A Tale of Waste and White

A week before Christmas and I am readier than usual.  This is because, as a family, we will be celebrating Christmas together on the 21st when we are all in England.  There will be four generations sitting down to eat a festive feast.

Most of my shopping has been conducted via the internet, which I have to say is an absolute boon.  The service has been impeccable with one hitch for which some unknown agent is to blame.   One of my parcels arrived battered with the outer plastic wrapper torn.  The box inside, a large Lego set for a grandchild, had suffered very obvious, unsellotapable, damage.  It was in a sorry state.  (It was probably the wrong packing for such a large box.)  Nick and I checked the contents which were unharmed and resolved to keep the item and explain to the young recipient what had occurred.

But, as I wrapped up presents yesterday, and came to the Lego set I looked at its sorry state.  What kind of Granny would I be deemed to be if I gave my grandson a toy which looked as if it had passed through several hands beforehand?  I contacted the company who could not be more helpful.  I could take the item to my nearest store and it would be changed.  They even checked ‘their system’ and informed me that there were 4 in stock, it would be wise to phone and reserve one, which I did.

This morning I made the swap.  I enquired, hopefully, whether the original item would be returned to the manufacturer for repacking.  Oh no, I was told, it would be “binned”.  “Binned?” I said, “You mean thrown away?”  Apparently yes.  There is no other provision for damaged goods.  Could the contents not go to a good cause?  Apparently not.  I left the shope with my pristine box, expressing the hope that at least a member of staff could take the ‘faulty’ item home.  Even though it would be ‘against the rules’.

All that lovely pristine new Lego must be scrapped, because, no doubt, Health and Safety requires this to be so.  The only word that described how I felt as I left the store is gutted.  If it were not important to me that my grandson should feel ‘special’, if it weren’t Christmas with all that means to children in particular,  I would have run with my Plan A.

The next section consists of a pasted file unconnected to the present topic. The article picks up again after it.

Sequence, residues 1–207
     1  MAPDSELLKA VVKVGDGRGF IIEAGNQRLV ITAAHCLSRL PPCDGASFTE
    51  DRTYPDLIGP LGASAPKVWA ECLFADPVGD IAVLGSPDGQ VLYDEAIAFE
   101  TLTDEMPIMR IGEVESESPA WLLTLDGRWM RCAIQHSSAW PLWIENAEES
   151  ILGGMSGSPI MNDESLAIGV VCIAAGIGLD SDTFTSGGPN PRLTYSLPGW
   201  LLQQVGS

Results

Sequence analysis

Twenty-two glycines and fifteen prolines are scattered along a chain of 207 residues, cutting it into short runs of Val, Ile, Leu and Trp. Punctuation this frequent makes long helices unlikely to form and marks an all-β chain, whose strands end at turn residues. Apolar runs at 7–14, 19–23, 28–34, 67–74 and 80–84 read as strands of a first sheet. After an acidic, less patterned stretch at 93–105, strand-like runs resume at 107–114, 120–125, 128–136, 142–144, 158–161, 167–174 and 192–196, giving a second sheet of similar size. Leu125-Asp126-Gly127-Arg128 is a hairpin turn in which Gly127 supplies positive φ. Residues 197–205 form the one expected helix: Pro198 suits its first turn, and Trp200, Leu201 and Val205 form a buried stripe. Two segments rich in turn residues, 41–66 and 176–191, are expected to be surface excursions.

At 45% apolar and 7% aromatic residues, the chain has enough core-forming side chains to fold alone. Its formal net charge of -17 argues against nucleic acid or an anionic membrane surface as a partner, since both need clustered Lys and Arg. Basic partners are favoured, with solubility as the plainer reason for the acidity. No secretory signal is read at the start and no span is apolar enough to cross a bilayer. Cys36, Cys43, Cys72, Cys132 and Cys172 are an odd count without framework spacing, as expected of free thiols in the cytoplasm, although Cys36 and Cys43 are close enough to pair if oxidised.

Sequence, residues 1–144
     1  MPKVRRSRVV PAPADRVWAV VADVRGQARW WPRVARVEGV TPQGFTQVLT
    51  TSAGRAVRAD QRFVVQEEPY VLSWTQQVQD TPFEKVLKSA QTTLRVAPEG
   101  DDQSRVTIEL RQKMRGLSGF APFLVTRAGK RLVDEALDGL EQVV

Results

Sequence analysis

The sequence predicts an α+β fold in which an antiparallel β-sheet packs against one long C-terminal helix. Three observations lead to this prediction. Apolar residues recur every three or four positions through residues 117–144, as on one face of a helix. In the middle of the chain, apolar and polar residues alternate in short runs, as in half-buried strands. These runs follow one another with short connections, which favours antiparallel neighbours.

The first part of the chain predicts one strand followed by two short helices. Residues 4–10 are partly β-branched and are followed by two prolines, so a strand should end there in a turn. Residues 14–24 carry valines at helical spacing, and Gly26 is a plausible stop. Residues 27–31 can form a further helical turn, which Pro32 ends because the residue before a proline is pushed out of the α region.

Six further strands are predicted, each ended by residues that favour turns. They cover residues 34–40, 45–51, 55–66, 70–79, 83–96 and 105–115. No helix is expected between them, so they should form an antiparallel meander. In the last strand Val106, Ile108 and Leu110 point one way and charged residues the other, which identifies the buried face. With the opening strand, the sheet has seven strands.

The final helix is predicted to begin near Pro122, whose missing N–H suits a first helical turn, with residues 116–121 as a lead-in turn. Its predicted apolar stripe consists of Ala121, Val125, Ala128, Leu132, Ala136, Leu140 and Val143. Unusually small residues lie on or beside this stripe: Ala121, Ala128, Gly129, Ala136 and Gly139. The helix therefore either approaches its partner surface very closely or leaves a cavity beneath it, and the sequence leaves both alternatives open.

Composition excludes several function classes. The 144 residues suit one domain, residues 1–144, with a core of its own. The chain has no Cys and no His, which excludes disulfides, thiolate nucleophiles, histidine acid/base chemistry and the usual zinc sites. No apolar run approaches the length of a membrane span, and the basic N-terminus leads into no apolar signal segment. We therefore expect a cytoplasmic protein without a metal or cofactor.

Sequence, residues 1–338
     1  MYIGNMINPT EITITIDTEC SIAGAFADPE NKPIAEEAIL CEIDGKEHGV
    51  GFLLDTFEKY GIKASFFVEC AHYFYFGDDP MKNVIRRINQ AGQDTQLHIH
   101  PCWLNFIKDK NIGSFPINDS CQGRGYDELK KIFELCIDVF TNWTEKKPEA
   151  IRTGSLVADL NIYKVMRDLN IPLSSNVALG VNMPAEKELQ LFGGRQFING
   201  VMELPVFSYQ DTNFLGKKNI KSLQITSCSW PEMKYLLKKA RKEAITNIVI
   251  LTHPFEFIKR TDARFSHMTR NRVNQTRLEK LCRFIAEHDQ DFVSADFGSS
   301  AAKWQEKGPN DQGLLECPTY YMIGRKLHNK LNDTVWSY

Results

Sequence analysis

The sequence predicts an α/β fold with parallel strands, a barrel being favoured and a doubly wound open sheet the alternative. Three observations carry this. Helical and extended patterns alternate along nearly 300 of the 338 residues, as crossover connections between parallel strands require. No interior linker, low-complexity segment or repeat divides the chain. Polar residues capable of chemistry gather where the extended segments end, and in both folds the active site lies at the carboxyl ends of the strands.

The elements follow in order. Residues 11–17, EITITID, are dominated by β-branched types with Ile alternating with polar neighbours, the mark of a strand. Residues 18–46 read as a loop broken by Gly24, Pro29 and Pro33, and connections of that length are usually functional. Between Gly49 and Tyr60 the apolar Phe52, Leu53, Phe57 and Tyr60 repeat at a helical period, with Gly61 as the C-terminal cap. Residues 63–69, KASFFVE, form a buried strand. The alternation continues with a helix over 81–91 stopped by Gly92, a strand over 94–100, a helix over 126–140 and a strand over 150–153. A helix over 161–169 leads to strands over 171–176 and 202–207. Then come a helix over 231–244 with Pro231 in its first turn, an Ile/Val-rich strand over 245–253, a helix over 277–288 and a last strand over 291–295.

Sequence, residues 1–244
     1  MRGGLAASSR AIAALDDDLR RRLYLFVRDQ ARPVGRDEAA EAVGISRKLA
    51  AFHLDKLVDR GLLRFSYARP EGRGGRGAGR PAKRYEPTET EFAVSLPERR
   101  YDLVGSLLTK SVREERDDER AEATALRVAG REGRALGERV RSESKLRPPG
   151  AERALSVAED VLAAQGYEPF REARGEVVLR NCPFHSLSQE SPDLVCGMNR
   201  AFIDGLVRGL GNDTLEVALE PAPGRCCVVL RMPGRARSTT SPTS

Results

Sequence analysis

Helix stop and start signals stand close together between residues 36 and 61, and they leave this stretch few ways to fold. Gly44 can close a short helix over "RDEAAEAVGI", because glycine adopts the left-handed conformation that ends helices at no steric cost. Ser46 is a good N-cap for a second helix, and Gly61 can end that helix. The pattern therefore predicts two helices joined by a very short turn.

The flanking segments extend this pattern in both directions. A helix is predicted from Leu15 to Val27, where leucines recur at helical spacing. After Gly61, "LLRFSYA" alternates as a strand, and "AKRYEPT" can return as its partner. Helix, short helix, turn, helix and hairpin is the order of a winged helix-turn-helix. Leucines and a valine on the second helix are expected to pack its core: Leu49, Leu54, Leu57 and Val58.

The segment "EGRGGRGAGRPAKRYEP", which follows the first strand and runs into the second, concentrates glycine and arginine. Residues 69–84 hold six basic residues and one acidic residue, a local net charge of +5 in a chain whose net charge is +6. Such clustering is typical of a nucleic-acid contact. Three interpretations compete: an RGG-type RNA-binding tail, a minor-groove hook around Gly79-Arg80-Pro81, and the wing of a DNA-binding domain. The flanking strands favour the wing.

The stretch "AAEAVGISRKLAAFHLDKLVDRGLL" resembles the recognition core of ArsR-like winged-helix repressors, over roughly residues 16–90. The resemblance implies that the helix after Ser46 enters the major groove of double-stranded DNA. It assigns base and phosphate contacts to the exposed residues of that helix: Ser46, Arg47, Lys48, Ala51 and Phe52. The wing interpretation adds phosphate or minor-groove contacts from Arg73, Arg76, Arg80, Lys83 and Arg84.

This afternoon I sat at my dining table, wrote cards, wrapped gifts.  I looked out of the window and it was starting to snow.  Beautifully transforming the views which we enjoy from the side of our house which faces our hillside garden.  It wasn’t a heavy fall, but enough to whiten the slopes and it did remind me of the snowfall which surprised us at the beginning of February this year.

It fell the day we were due to travel to France, the day before my birthday.  It was auspicious for me because I know that on February 3rd in the year I was born my brand new 13-year uncle trudged to school in deep snow, the like of which has, reputedly, not been experienced in southern England since.  This February I captured some images of the black and white winterworld that snow gives us, from the rear windows of the house.

It was lucky for us, the family, that the snow persisted long enough to provide us with some days of wonderful fun when we went to Inshriach House, near Aviemore, for half term a couple of weeks later.  Inshriach is an Edwardian country house in the heart of the Cairngorms National Park. It is available to rent for groups of up to 17 people for holidays, house-parties, photo shoots, location work, creative courses and events.  Fifteen of us joined a group of young parents – we squeezed the small fry in cots into parental rooms –  friends of my son Dan.  Whilst we were there Dan, who works in the film industry, put together a Swede of Lord of the Rings.  I’d not heard of that kind of swede before, although I love the vegetative kind hugely.

We are booked to go again in February 2010.  A rather different film has been chosen to receive the swede treatment.  We improvise with props and the dressing-up cupboard which Lucy Mickelthwait allows us to plunder.  But this time, I’m advised it might be wise to rustle up a nun’s wimple beforehand.  (I just went onto the web to check my spelling of wimple – would you believe there is a website which tells you how to make one……….. for your dog?!!

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